Glasgow 'supergroup' release grown-up debut
It’s usually the sign of a very grown-up album indeed when the little moments are what’s important.
Not that Kick the Traces, the polished debut from Glasgow’s The Byson Family, doesn’t have its grand gestures, too. But it’s the subtle magic you remember: the way the piano on opening track Riches gathers momentum; the way the crescendo of You’ve Been a Fool is preceded by understated harmonica; the way the bassline commands the folk-meets-country direction of Cross the Line. The way that the slow-burners tend to recede to resting-pulse quietness before cresting new emotional waves.
Hard, then, to believe that the five-piece have only existed since 2019, coming together over their common love of American west coast sounds. That said, they might be considered something of a supergroup, at least in Scottish terms: fronted by former Temperance Movement vocalist Phil Campbell, they also include Christian Fleetwood (guitars and vocals) and Chris Russell (piano, keyboards and synth) from the 68s, along with Paulo Nutini’s bassist Michael McDaid and drummer Allan James (Jon Fratelli). The assemblage just seems totally right – the late-Sixties-inspired sounds feel wonderfully plush and coolly retro (and the production, by Fleetwood and Geoff Allan, is spotless). It’s a rich amalgam of folk and country and soul and blues, which references the likes of The Band, Neil Young and Gram Parsons, but ultimately cuts its own cloth.
As ever, Campbell’s golden-toned vocals are a revelation, though it’s true he’s exploring much mellower terrain here. On the breezy I Wish You No Ill he completely foregoes the Rod Stewart-esque end of his range – so heavily showcased with his former band – and you have to wonder whether this kind of project is just much closer to his heart. In 2018’s outstanding A Deeper Cut, the Temperance Movement produced one of the best Scottish rock albums in years and seemed on the verge of much bigger things; fans felt the frontman’s departure keenly, but there’s no question that this flavoursome, rootsy landscape suits him well.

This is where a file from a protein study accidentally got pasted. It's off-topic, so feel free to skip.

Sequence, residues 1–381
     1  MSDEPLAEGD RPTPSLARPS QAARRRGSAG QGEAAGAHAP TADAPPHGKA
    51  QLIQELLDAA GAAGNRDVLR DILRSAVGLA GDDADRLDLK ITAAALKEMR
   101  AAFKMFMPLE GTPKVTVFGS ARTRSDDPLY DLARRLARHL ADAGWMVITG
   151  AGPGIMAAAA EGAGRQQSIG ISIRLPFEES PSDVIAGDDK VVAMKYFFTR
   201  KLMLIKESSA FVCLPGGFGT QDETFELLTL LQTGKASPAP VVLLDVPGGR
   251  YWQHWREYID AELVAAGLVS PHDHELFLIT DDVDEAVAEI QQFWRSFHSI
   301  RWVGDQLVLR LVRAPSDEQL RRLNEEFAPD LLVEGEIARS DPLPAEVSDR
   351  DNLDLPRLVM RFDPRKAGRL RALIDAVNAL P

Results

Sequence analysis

And the grand gestures? Perhaps the grandest is the reworking of Angel of the Reckless, one of the standout numbers aired at a series of gigs in early 2020 before the world fell off its axis. At that time, it was arranged as a rocky acoustic a la Crosby, Stills & Nash. Since then they’ve only gone and added a horn section. They’ve also put the brakes on the rhythm so that the whole thing takes on the lazy, behind-the-beat feel of old gospel. It’s a brave move – and what’s been surrendered in lively jangliness is more than made up for in super-deluxe layers of melody. Then there’s Hope and Pray, by far the raunchiest proposition here, which begins with a burst of laughter from Campbell before hitting its big, funked-up groove. And when the deliciously soulful Blowout reaches its huge final chorus there really shouldn’t be a dry eye in the house.
Can a debut album also be a ‘coming-of-age’ album?
When it’s this assured, why the hell not?
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